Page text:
Five months from now, when R. Luke DuBois opens "NOW" at the Ringling Museum of Art, what "NOW" is should be substantially clearer.
Music? Dance? Visual art? Performance art? Digital art? Sculpture?
DuBois, director of the Integrated Digital Media program and the Brooklyn Experimental Media Center at the Polytechnic Institute of New York University, first met Matthew McLendon, curator of modern and contemporary art at the Ringling, at a social gathering when one of DuBois' most frequent collaborators, musician and experimental composer Bora Yoon, was in town in February 2012 as a fellow at the Hermitage Artist Retreat in Englewood for a performance of her work ( (( PHONATION )) ).
"Luke started talking about his work 'A More Perfect Union,'" said McLendon, referring to a digital map DuBois created that color-codes the entire country by words most commonly used in online dating sites by ZIP code.
"Luke said a lot of fascinating things that night," said McLendon.
Much of what the two discussed had to do with what is at the heart of the museum's Art of Our Time initiative, which celebrates all manner of today's most up to the minute artistic expression.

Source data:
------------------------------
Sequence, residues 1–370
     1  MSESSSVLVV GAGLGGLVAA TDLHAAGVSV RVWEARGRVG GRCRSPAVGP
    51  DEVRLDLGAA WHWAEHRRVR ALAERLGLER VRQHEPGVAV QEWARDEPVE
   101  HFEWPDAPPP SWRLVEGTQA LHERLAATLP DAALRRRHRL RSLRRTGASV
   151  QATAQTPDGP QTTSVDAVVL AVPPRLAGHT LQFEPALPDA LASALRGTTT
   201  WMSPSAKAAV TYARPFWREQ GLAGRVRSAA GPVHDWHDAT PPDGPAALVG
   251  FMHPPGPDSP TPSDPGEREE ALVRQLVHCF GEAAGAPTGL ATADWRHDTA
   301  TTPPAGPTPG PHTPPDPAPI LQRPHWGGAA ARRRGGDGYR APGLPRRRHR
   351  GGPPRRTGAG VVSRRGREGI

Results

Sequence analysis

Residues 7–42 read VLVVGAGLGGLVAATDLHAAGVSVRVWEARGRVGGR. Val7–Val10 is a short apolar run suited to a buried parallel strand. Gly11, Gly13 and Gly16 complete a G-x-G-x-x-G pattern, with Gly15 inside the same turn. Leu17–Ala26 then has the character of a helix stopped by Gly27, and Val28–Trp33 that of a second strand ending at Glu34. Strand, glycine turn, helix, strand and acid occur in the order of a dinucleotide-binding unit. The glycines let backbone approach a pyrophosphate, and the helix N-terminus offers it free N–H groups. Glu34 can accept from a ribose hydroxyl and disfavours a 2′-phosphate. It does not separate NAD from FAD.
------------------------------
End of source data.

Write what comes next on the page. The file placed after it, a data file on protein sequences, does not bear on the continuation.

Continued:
"No one really has time to really get together and find out what everyone's been doing," lamented McLendon. "That's what I really want Art of Our Time to become... maybe we can all be together in Sarasota for a couple of weeks. Luke is kind of our first foray into that."
But its underpinning will be a one-man show of DuBois's work: sculpture, new media, print...
"It's a little bit messy," said DuBois, in Sarasota for some of an ongoing series of meetings to plan the exhibition.
"Up to this point it's been mostly conversation," said McLendon. "It's a proper survey of his work from the late '90s to his most recent piece."
DuBois's work typically is site-specific: in New Orleans for example, he synchronized five marching bands — marching bands being endemic to New Orleans culture — and merged videotape of all of them, Picasso-like, into a multiview presentation.
In Sarasota, DuBois will explore the region's unique circus history and the connections between the Ringling Museum and circus performance.
"I've been collaborating with Circus Sarasota," he said. "I don't totally know what it's going to look like yet...it's gonna be a 'something.'"